Atezolizumab safe before, during chemoradiation, active in women with cervical cancer
March 25, 2022
2 min read
Mayadev J, et al. Abstract 24. Presented at: Society of Gynecologic Oncology 2022 Annual Meeting on Women’s Cancer (hybrid meeting); March 18-21, 2022; Phoenix.
Genentech, NCI and NIH supported the study. Mayadev reports no relevant financial disclosures. Please see the abstract for all researchers’ relevant financial disclosures.
Atezolizumab administered before and during chemoradiation appeared safe and demonstrated immune-modulating activity among women with node-positive locally advanced cervical cancer, according to study results.
Researchers presented the study findings in a plenary session during the Society of Gynecologic Oncology 2022 Annual Meeting on Women’s Cancer.
Rationale and methods
The goal of combining immunotherapy with chemoradiation is to improve outcomes for women with node-positive cervical cancer. However, the optimal sequencing of the combination is not well-known, according to study background.
“The goal of [this trial] was to investigate peripheral blood T-cell receptor clonal expansion in response to chemoradiation and immunotherapy, and to establish the safety and efficacy of atezolizumab [Tecentriq, Genentech], an anti-PD-L1 [therapy], as a primer to chemoradiation combined with atezolizumab,” Jyoti Mayadev, MD, lead author and radiation oncologist at University of California, San Diego, said in a press release. “This trial gives us insight into the immunological basis for therapy response. These results allow future research to consider immunotherapy and treatment sequencing in larger-scale trials as a way of improving outcomes for this high-risk population of women.”
The phase 1/1b trial included 36 women (median age, 48 years) with locally advanced cervical cancer with positive lymph nodes randomly assigned to either one dose of 1,200 mg atezolizumab before and two doses during chemoradiation (arm A) or to all three doses during chemoradiation (arm B).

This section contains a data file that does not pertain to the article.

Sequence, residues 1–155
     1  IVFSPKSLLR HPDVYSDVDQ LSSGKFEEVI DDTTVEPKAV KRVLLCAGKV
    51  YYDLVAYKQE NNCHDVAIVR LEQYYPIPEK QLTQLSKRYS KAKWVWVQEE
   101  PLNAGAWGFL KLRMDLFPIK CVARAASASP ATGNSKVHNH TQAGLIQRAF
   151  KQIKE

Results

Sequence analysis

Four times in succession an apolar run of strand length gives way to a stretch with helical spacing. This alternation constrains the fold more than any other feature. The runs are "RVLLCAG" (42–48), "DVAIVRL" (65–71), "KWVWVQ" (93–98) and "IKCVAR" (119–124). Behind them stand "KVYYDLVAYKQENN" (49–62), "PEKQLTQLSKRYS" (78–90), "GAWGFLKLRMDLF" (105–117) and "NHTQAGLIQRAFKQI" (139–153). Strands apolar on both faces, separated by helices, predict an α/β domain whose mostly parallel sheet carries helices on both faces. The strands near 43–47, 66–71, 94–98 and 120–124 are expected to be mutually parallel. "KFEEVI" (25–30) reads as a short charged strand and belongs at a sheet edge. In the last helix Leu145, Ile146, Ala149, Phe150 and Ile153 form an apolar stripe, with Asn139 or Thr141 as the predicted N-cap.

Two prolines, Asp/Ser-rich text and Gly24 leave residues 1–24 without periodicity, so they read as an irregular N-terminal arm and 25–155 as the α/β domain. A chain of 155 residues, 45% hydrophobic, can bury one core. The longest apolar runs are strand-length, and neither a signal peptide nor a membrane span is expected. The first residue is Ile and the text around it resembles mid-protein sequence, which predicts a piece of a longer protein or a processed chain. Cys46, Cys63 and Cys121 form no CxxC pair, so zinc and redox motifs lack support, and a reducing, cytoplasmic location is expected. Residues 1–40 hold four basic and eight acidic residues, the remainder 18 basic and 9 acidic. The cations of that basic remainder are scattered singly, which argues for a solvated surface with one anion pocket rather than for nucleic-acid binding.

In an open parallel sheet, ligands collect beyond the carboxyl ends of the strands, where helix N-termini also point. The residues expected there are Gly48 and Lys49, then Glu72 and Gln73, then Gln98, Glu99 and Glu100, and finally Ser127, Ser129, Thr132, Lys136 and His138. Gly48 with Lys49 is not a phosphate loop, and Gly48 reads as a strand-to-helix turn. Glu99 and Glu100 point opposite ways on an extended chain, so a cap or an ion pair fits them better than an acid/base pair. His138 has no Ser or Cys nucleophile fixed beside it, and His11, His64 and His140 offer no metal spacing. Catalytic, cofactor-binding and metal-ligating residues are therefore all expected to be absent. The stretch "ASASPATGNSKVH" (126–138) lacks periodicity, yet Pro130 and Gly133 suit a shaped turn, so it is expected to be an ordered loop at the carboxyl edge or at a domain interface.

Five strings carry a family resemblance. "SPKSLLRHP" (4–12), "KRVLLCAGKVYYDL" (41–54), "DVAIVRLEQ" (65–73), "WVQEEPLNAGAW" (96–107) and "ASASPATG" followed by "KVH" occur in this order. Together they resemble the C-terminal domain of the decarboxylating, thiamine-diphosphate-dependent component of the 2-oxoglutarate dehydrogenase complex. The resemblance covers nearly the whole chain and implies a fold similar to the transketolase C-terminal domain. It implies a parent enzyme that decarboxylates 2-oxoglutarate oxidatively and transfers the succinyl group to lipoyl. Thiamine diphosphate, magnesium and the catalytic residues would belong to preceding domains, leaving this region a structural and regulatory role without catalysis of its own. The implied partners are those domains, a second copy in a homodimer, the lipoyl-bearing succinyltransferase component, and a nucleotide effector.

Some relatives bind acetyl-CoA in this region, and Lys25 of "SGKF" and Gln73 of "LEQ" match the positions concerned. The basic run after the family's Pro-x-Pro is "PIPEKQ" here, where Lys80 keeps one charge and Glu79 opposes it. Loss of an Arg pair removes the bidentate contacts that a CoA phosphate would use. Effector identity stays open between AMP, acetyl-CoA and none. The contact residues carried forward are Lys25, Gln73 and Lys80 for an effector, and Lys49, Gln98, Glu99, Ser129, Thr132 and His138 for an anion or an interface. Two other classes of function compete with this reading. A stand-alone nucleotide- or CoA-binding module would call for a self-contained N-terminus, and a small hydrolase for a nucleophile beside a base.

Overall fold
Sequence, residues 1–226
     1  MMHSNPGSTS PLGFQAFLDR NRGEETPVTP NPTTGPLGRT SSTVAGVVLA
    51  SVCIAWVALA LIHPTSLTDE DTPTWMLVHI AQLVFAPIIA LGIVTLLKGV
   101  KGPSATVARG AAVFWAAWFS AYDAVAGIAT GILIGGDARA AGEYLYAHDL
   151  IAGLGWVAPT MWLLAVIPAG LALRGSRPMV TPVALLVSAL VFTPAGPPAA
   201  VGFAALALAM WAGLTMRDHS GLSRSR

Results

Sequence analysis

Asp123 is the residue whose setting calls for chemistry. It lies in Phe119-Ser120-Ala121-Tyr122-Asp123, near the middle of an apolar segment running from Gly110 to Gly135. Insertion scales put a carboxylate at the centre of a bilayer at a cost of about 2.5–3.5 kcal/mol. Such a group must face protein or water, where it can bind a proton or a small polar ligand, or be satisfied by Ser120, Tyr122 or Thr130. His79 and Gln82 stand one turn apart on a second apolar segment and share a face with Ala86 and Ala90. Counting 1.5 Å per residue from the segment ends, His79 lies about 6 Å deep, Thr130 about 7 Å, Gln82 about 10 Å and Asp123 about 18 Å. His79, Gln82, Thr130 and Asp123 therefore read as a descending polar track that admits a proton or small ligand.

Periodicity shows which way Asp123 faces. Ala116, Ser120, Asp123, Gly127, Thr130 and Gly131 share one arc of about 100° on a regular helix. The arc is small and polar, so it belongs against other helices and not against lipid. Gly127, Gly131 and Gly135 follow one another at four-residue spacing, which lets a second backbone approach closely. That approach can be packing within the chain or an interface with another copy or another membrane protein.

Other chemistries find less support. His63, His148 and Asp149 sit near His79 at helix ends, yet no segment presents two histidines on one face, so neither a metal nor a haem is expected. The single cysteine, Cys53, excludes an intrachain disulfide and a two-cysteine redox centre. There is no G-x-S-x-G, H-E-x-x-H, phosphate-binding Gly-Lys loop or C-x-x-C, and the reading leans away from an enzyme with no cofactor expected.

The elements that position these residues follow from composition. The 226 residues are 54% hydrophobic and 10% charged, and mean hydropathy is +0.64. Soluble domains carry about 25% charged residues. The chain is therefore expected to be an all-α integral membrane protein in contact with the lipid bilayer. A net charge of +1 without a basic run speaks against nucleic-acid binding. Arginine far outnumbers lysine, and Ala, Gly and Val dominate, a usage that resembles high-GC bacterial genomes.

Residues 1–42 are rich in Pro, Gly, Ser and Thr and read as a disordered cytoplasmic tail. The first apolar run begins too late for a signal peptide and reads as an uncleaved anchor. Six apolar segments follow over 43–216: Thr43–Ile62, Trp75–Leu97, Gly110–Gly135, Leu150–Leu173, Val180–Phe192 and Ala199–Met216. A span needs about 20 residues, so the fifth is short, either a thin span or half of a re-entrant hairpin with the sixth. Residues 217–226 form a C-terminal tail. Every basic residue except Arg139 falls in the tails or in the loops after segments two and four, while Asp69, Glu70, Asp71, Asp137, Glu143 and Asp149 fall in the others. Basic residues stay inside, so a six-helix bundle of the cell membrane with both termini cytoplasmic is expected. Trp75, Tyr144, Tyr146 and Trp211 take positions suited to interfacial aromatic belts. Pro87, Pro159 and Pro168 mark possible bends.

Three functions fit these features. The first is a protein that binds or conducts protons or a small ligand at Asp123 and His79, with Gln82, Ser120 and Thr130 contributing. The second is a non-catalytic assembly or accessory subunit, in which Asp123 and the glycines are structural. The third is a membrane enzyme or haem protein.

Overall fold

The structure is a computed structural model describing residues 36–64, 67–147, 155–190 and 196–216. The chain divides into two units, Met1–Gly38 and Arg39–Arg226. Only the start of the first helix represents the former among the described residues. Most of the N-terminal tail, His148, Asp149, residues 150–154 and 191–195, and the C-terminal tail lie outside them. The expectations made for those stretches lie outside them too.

Researchers obtained tumor biopsies before and during treatment, collected peripheral blood and assessed dose-limiting toxicities for all women.
Determining the best treatment sequence to achieve immune activation served as the primary objective, and secondary objectives included toxicity and the predictive value of T-cell repertoire parameters for clinical outcomes.
Overall, 75% of women completed the study protocol, with median follow-up of 20 months.
Among the 30 women evaluable for dose-limiting toxicities, the 16 in arm A had none compared with three (8%) of the 14 in arm B.
Three women in arm A and 10 women in arm B experienced grade 3 or higher treatment-related adverse events, including one immune-related event.
Between the initiation of treatment and day 21 of chemoradiation, researchers observed an increase in peripheral blood T-cell receptor clonal expansion and expansion of tumor-associated T-cell clones in arm A (P = .0001) and in arm B (P = .001).
Women with increased pretreatment T-cell receptor diversity more frequently experienced complete pathologic response in on-treatment biopsy (P = .049).
The overall cohort had a 1-year DFS rate of 72%.
Correlations between treatment schedule, T-cell repertoire parameters and clinical outcomes are expected to be reported at a future date as the data mature, according to Mayadev and colleagues.